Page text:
It’s early 2019 and Egyptian archaeologists are digging thirty feet underground at the Tuna El-Gebel necropolis in Minya, 245 kilometers from Cairo. Eventually, they uncover a series of tombs hidden deep in the ground, but the surprise still hasn’t come. It’s when they open the chambers and find a stunning burial ground for 50 mummies that they and the rest of the world realize just how special their find is.
In Ancient Egypt, a boundary sliced the territory into Lower and Upper Egypt, respectively. Right near that line stood Hermopolis, once a major city and provincial capital. When the Romans conquered Egypt, it maintained its status through the third century – but the Muslim conquest saw its downfall.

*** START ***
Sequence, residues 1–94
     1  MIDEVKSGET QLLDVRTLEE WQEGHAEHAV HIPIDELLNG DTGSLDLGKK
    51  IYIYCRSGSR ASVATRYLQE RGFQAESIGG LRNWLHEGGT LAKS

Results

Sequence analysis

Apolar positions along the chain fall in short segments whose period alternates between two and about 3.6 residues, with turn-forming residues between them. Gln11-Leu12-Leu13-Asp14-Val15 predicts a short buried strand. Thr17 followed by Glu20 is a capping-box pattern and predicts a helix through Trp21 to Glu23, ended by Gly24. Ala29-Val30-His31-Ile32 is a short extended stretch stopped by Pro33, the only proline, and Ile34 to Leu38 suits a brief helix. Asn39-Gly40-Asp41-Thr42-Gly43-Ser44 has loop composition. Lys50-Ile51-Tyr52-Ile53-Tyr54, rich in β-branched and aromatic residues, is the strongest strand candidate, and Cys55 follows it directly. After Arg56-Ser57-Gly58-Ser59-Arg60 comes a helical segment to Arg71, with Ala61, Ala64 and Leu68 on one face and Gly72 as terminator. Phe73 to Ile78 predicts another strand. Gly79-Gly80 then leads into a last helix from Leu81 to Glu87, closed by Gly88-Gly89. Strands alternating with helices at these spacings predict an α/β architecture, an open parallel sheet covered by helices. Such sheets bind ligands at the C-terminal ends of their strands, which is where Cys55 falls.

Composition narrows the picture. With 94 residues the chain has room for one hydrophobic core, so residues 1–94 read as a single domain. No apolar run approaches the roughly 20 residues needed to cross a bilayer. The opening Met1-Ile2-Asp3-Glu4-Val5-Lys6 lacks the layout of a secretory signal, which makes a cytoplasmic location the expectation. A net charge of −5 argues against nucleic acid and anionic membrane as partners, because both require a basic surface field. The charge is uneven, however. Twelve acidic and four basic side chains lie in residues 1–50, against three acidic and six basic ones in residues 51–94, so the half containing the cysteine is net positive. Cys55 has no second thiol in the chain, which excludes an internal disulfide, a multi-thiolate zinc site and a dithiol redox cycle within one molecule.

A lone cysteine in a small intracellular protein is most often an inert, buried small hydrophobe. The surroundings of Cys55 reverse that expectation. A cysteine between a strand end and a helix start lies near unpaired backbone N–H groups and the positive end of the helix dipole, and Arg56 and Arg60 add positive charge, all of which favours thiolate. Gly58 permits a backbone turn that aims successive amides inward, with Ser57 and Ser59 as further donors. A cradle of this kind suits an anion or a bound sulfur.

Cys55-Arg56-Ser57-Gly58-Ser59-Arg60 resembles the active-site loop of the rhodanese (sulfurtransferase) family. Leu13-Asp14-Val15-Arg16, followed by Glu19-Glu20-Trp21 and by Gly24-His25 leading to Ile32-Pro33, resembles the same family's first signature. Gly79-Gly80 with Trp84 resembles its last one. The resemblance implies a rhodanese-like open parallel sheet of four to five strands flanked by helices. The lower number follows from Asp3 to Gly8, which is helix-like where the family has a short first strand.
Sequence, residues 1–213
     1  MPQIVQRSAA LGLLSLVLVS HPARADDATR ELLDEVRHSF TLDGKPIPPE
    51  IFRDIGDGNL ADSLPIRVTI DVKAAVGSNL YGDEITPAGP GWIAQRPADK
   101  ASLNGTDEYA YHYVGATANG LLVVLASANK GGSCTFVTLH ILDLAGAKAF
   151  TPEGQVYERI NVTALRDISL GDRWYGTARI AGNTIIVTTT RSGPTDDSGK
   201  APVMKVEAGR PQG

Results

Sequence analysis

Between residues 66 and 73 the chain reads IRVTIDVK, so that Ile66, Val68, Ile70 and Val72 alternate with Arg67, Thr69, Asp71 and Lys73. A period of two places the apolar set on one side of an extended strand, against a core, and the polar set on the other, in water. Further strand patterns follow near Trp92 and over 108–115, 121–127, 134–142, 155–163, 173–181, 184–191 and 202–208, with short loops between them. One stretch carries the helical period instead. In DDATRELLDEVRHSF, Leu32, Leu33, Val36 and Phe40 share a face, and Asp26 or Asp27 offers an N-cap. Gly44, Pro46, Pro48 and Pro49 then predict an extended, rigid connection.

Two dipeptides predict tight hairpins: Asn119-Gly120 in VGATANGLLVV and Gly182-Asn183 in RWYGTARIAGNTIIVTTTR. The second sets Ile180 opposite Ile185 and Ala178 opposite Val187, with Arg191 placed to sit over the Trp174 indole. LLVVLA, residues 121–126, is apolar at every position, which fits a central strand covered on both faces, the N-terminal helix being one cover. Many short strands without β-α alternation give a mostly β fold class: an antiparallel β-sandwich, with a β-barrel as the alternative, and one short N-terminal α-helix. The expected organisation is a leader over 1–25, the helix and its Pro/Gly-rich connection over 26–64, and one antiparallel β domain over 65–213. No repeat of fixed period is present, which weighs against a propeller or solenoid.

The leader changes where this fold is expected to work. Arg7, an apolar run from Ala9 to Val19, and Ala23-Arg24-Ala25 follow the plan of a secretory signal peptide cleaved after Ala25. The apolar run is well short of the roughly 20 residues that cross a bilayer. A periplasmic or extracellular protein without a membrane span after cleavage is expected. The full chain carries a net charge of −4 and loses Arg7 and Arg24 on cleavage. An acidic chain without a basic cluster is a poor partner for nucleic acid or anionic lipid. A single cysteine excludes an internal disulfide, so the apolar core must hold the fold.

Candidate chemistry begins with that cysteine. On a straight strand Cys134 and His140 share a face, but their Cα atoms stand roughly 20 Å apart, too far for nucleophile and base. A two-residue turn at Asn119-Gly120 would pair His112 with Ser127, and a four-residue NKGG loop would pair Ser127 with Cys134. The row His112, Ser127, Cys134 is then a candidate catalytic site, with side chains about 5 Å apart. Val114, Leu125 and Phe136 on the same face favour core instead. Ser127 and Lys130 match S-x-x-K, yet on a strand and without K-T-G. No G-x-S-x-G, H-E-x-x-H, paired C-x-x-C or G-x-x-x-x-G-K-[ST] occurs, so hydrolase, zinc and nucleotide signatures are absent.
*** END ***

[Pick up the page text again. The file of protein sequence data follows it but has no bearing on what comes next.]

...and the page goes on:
In its heyday, though, Hermopolis was second only to Thebes in its opulence, which explains why archaeologists have uncovered so much from this ancient metropolitan area. Indeed, not only did it comprise of a city, but a necropolis where they buried the dead and honored them with monuments and tombs.